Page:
“We’ll see you on your next session,” the voice of the clinic manager faded out and turned into buzzing sound. The buzz was created by the noise of a bus passing by with thick smoke from its exhaust pipes that brought her back to the present reality at the café.


Anjali looks from the corner of her eyes. Her husband, Dev, is brushing his teeth with his annoying electric toothbrush. What’s more annoying is his hairy body. She’s been encouraging him to take a laser hair remover treatment, and each time he flatly rejects the idea. “It’s an offense against nature. Never go against nature. Something really bad will come back to you. Bad karma,” said Dev once. She wonders how could she cope all this time, not only with his hairy body but with his narrow-mindedness as well.

Dev is amused by his wife’s new obsession. She has an addictive trait in her. It’s something that actually attracted him to her in the first place.

“Can you see that? I feel as if there’s something tickling from inside my nose,” Dev leans closer to her and lifts up his nose.”

“Gross!” Anjali pushes Dev away.

Dev snorts and kills himself laughing.


“I’ve noticed that my back hair has grown thicker,” Anjali whispers to the therapist’s ear, afraid that the wall in that cabin will tell the whole world about her darkest secret.

“Let me have a look,” the therapist tends to Anjali’s back. “It’s not much, but we certainly can take care of it.”

In just a few sittings, her then-reluctant patient has now converted into a glabrous. Her eyes sparkle at the thought of the commission she’s going to get from all the fortune this lady is spending on packages the clinic has to offer. Ka-ching!


A Hairy Tale“Are you turning into a smoothie?” asks Dev while brushing his teeth. Dev is no longer amused by Anjali’s obsession. He spits out the watery paste from his mouth as if he’s spitting out his disgust.

Anjali ignores him and goes on observing every inch of her body in the mirror.

“Why do we, of all people, have to be the ones with most hair?” she asks him, or maybe she actually asks herself. “Us, who live in the most humid and hot place on earth?”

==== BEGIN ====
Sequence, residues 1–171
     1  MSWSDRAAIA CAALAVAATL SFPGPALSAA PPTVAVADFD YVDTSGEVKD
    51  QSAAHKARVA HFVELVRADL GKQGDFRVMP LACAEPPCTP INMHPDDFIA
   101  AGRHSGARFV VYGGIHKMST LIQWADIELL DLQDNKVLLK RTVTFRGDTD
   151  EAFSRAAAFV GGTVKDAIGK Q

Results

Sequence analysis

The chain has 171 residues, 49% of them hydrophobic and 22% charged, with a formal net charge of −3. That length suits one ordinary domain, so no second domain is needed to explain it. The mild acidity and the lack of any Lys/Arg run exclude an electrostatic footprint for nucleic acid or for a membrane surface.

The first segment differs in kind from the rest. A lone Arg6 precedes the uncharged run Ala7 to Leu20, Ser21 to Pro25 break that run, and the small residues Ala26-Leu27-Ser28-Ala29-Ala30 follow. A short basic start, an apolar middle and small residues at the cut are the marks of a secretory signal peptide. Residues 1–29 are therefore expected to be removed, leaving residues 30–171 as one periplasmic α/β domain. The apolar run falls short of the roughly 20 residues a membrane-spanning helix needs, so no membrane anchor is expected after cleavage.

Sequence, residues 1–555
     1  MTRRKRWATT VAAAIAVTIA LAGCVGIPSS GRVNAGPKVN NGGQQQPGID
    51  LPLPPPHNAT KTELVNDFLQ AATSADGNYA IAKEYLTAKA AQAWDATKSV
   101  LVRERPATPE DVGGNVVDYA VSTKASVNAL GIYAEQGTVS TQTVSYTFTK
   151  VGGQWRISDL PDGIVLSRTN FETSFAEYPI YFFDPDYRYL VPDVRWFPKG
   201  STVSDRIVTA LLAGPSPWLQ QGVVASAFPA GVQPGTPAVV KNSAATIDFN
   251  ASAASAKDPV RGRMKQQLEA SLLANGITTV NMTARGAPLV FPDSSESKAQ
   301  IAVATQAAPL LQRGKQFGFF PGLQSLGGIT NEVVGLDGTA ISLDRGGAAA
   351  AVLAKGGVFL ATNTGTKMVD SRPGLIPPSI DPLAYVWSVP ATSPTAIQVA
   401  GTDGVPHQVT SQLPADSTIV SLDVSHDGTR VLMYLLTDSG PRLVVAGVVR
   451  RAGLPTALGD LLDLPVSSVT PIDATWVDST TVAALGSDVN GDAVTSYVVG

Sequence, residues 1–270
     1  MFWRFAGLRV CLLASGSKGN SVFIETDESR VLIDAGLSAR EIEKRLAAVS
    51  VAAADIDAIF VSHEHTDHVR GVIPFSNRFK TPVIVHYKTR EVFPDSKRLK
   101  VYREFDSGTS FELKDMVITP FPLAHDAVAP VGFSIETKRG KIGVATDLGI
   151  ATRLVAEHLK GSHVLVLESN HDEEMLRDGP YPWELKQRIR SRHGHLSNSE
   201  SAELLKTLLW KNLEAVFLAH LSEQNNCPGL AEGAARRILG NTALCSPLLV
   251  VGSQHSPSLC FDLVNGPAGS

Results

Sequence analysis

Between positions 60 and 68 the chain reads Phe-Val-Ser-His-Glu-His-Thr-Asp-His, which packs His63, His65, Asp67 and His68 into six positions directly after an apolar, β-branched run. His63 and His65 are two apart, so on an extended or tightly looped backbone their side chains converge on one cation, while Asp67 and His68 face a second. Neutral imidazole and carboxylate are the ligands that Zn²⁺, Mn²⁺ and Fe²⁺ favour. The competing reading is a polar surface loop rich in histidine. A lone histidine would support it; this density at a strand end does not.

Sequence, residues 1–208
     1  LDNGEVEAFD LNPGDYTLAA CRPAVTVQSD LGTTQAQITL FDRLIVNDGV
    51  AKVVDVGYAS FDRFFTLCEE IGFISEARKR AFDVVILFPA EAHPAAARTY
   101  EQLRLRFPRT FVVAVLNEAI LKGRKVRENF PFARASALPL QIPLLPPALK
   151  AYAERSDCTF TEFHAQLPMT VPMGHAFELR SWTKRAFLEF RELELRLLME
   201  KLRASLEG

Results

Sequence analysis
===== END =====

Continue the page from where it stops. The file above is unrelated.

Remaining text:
“Don’t question God. There must be a reason, hence don’t go against nature.” Dev pulls Anjali closer. “But you do look great. Like a living La Naissance de Venus.” He starts kissing her bare back.

“Nah…not now.”

Dev drowns himself in her thick lustrous lock, the only hair she has left on her, aside from her eyebrow and eyelashes.

“I’ve just got it done.” Anjali pushes him away.

“What has just got done?” Dev is stubbornly pulling her closer.

Anjali’s eyes point downward. “Can’t have any frictions.”

“Oh, you and your hair. Be careful, babe, you can’t stop nature. It will find its way back, always,” mutters Dev as he storms out of the bathroom.


Dev is looking at her peaceful face. She always looks like a baby when sleeping with one cheek on the pillow. Even more so now that she has no hair on her body.

He caresses her skin, his hand glides smoothly from the cheek to the neck. She grunts. He stops. He starts again, gently, not wanting to wake her up. It’s been awhile he thinks. He’s a normal guy with a healthy sexual appetite. And it is with his wife he’s trying to do so. He knows that he can’t do it without her consent. But he can try to seduce her, right?

His fingers glide down to her full breast and to her soft belly, slowly making a circle around her navel.

He stops. He shivers. He touches her navel again to re assure himself. No, this can’t be, he thinks. But what he thinks is true. He pulls down the duvet and his eyes roll out in disbelief seeing hair sprouting out of her navel. The shaft is fine and shiny. He can see each and every strand is growing and dancing happily, as if stretching their bodies after being tied down for far too long.

The hair has finally returned. ***

Beta Perwata grew up in a family of storytellers and educators. She is the founder of TABETA Creative Space.

[1] Short story was written by Beta Perwata
[2] It has been published in “The Jakarta Post” Newspaper at November 19, 2018